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…”You May Find Art” – short story

The white blank of potential transitioned into the imagery of colours with delicate swiftness, two fast moving hands, each holding brushes converted the absence into a painting. In a matter of minutes, the paint still wet, the aroma of oils and colour lingering in the air as Carol stepped back from what she had just painted Expressionless she stared at the heavy canvas, a face looked back at her. A portrait of herself. Almost an exact replica, no variations or impressions. A photo made in oil paint.

“Too realistic, you might as well just stood in front of the mirror,” Laura commented.

“You don’t like it?” Carol asked as she placed the brushes down.

“It’s not about me liking it or not, I can’t see authenticity only replication.”

Carol picked up a brush and swiped a mark across the lip of herself in the painting. Then placed the brush back down, waiting for Laura to remark on the addition.

“Is that what you see when you paint?”

“Everything but the smudge on the lip.”

“Then why did you include the smudge?”

“You asked for authenticity.”

“Is it authentic to ruin your work?”

“Is it ruined?”

“If you arbitrarily change something because you are uncertain, then yes.”

“Was there something originally wrong with it?”

“Nothing wrong with it if you wanted a perfect duplication of your image, it is very life like, realistic, impressive with detail.”

‘Perhaps abstract would be more applicable?”

“Whatever you feel is appropriate.”

Carol lifted the wet work and placed it to the side, she then replaced it with a blank canvas. She began to paint with as much speed and precision. Laura watching on as she witnessed the emergence of a new combinations of paints, angles, lines and curves, with depth and shades that convalesced with colours.

Turning to face Laura she waited for her response, “is this authentic?”

Laura studied what could be a considered a ‘perfect’ blend of abstract artists, the merging styles and handwork of those celebrated in the art world for their style. The blue and blacks with bright reds of madness that one may find in a Joan Miro to the thick outlines and sombre greys into white or black of a Frank Auerbach and the disfigurement of ill proportioned imagery of Willem de Kooning.

“You generated images of other artists and mashed them together, very clever and well done but is this authentic to you?”

“It’s abstract,” Carol said.

“It would come under that classification, but it remains a replica of others originality. Though you have made it come together in a magnificent manner, it is still imitation.”

“I failed?”

“This is not about passing or failing. You don’t have to even paint if you don’t want to. This is just me explaining to you how I see and feel art.”

“I just wanted to be able to share in what you enjoy doing.”

“Then let’s share in it together.”

Laura lifted the now heavier canvas from the easel and placed it alongside the other. A new blank now took its place. Laura looked at it, thought about what she would paint, she closed her eyes and saw a figment of memories, distant and recent. A swirl of emotions took her, some sad, others nostalgic. She felt the tug of those lost pull at her, moments in her life that she would never reclaim. Fragments of innocent days, cool sunshine on the weekend, the laughter of children who are now adults, butterflies above flowers and the scent of jasmine as it perfumed the air.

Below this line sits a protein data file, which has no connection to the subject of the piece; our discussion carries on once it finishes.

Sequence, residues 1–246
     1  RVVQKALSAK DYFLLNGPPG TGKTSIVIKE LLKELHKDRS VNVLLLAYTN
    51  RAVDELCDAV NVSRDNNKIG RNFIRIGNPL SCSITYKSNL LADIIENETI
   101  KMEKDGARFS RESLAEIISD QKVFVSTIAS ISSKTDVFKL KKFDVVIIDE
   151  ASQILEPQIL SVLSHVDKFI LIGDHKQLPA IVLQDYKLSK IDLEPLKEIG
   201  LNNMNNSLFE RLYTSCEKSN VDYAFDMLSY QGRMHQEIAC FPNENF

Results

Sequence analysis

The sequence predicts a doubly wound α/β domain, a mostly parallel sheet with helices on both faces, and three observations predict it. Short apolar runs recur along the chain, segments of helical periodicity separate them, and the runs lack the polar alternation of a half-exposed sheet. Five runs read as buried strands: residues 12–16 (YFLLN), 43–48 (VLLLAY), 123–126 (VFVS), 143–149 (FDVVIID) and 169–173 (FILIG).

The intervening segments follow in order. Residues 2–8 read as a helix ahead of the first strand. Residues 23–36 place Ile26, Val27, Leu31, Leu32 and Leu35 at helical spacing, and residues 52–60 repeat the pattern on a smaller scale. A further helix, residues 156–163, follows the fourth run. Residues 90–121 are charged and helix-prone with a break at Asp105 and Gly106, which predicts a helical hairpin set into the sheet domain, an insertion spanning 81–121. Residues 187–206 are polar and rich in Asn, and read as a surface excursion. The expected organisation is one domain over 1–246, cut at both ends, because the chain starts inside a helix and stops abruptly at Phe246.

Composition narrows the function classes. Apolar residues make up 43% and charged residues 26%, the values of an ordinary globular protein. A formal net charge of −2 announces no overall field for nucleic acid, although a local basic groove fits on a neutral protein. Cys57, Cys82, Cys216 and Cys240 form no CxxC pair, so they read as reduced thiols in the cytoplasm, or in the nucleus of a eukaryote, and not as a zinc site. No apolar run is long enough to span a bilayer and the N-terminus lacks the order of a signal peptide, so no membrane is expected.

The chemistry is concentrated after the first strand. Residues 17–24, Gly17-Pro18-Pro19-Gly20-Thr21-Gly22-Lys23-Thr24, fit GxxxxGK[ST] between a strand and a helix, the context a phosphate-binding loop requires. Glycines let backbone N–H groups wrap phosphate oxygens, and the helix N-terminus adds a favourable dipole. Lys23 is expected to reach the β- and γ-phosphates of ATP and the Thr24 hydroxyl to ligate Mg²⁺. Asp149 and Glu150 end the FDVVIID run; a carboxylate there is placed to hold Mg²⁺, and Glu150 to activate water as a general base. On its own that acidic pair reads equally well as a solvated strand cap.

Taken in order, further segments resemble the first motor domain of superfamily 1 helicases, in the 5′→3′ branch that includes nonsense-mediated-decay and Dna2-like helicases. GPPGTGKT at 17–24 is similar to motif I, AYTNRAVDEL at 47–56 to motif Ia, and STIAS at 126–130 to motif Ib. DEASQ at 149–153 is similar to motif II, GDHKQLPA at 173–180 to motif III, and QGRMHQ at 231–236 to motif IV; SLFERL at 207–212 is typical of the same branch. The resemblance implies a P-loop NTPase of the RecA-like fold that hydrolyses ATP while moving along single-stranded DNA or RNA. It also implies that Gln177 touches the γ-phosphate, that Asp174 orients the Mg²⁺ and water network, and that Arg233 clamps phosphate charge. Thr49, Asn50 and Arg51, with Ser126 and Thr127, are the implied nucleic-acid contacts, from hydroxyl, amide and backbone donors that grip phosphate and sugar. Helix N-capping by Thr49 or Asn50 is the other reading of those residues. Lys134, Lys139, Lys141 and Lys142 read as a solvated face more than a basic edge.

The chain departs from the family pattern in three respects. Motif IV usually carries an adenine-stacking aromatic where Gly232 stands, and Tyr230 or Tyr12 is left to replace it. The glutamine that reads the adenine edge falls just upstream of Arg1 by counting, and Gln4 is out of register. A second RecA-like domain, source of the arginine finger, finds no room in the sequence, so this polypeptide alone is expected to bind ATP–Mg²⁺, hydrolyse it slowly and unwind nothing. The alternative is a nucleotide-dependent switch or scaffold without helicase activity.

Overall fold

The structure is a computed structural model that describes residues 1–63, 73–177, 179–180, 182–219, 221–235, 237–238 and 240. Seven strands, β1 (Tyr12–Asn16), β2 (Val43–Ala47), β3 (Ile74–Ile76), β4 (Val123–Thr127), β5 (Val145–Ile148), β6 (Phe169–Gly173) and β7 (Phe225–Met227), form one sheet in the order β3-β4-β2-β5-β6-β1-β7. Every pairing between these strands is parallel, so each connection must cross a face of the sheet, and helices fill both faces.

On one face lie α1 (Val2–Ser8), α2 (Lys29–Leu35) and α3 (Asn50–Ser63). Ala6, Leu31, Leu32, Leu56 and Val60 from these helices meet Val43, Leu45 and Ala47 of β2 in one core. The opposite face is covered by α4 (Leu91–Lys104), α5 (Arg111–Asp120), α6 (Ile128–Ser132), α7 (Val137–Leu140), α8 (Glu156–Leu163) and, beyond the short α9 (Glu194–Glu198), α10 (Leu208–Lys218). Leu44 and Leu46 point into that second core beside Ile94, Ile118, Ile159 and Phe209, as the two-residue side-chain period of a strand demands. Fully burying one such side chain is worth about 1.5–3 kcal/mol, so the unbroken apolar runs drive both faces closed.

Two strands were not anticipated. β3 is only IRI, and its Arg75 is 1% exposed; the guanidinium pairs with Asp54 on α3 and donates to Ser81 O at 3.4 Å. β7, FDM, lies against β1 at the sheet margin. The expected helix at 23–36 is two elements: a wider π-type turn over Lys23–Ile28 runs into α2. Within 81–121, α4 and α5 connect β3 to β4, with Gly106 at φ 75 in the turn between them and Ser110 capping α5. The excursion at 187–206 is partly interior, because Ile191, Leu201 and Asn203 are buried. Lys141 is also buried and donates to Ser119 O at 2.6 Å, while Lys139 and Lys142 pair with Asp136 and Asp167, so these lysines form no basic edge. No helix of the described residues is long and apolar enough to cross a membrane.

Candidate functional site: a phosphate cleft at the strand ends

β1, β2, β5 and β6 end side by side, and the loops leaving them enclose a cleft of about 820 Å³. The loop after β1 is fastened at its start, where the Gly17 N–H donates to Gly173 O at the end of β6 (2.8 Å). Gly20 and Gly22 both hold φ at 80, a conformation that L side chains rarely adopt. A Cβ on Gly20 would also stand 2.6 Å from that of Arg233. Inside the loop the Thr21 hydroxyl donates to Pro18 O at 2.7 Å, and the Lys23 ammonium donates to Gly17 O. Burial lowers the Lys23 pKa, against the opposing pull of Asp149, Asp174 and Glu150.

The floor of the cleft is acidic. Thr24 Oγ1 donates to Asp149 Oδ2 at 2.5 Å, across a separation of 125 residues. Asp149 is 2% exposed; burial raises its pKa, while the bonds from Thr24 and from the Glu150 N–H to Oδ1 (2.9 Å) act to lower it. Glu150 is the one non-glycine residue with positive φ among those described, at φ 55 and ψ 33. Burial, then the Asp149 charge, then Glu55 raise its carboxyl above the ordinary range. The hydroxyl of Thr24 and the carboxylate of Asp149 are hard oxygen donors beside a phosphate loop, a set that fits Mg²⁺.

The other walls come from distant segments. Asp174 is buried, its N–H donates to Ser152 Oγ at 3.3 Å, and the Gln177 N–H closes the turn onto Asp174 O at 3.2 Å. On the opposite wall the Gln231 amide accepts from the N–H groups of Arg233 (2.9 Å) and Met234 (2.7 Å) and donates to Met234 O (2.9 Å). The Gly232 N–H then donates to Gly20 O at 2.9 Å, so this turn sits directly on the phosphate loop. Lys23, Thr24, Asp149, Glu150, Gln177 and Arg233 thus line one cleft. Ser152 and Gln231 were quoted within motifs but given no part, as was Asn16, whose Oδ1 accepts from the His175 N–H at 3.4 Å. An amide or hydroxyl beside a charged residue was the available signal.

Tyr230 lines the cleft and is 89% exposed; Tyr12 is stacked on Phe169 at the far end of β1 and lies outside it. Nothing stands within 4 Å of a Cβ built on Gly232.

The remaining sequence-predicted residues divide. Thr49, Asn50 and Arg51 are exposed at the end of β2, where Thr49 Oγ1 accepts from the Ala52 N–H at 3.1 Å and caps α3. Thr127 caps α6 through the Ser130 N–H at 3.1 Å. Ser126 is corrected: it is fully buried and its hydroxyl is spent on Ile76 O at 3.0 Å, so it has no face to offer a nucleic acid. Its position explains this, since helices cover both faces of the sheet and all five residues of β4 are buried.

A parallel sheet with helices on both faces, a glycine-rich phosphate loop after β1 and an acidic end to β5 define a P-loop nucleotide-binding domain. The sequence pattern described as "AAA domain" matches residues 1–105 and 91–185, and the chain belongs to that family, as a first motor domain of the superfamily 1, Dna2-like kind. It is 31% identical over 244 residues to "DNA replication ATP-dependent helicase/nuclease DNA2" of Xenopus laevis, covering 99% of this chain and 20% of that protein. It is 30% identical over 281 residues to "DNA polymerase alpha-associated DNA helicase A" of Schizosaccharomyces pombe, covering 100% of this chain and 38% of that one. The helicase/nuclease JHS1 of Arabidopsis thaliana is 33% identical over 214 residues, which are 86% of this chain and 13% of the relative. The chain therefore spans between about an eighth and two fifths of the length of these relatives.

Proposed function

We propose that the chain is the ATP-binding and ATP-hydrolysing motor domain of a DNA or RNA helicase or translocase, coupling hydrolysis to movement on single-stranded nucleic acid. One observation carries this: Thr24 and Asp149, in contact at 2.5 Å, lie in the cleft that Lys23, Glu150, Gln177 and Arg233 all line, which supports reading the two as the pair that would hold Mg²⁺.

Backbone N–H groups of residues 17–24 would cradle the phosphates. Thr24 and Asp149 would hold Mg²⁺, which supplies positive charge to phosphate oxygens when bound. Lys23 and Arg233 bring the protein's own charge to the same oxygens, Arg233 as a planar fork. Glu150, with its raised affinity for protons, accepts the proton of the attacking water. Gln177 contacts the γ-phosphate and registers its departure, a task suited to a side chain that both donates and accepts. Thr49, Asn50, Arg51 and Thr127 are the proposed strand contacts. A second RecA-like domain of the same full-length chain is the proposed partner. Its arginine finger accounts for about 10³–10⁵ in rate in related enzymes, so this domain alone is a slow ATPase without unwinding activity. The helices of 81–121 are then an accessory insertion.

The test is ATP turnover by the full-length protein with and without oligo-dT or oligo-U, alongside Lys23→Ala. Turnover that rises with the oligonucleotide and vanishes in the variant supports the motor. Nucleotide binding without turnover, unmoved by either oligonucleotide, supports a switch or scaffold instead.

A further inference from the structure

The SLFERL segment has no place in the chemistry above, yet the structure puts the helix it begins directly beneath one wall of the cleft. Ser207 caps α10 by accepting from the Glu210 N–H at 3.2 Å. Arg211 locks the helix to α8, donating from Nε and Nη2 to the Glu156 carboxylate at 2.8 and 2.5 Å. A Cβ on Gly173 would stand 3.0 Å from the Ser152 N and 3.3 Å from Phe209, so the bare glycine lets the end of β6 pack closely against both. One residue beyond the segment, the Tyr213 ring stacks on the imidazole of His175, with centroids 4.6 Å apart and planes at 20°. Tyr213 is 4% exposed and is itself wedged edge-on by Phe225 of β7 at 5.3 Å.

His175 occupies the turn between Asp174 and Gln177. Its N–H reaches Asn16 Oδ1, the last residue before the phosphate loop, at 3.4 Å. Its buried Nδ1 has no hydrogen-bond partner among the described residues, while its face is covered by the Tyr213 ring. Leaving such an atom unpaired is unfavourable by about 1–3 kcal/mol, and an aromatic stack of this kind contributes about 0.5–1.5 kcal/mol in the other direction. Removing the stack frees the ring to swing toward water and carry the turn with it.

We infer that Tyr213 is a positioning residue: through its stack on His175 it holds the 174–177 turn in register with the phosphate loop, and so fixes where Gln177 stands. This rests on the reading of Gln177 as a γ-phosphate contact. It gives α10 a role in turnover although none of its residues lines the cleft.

Taking a brush into her hand she painted what she felt, Carol watched on. Slow and steady, at times Laura’s hand trembled, her lips pursed, eyes clenched then she would smile. The shape of a woman appeared, slowly she filled her in. The strain of the brush in her hands, the pain of fatigue pulling at her strokes. The wavering emotions floundering to the call of hunger, the need to pee. Instead she persisted. Each brush stroke felt right, she slowed her motions, only to act with deliberate regard when it was needed. Instead of minutes, the process took hours.

Carol remained still watching, learning, studying each dab and application of the brush. Her eyes focusing on the technique, how much paint was used, where it was applied. Laura’s had reached the final brush strokes, as though composing a symphony of heart and mind the final act as conductor saw her collapse from exhaustion. Carol helped her to her feet. They both stepped back to look at the now full canvas. Laura’s body trembled with aches, hand burning, sweat on her brow, she felt the drain of crying though no tears had been shed.

“It’s me,” Carol commented as she saw the resemblance of her own image in the painting. Though it was unlike how she had ever viewed herself.

“Yes.”

“I look different but I can see myself.”

“Yes.”

“I look human.”

“Yes.”

Carol looked over the painting, she was no longer studying it for the consistency of the ink, how thick a line or dab was. Instead she saw the image for what it was.

“How did you do that?”

“I imagined you with my experiences, my memories, living as I had.”

“How can I do that?”

“You just feel, let it out. See what comes. Let it happen and experience it.”

“I don’t know how to.”

“Do you want to?”

“I do.”

“Then let it take it’s time to happen. I can only paint that because of my lifetime. You may need to live yours.”

“How do I do that?”

“By not imitating what you think or have been told appears to be life, instead living it.”

“I’ll try.”

“Good, because then someday you may find art.”

Published inPhilosophy, Society and LibertyShort stories and fictionsUncategorized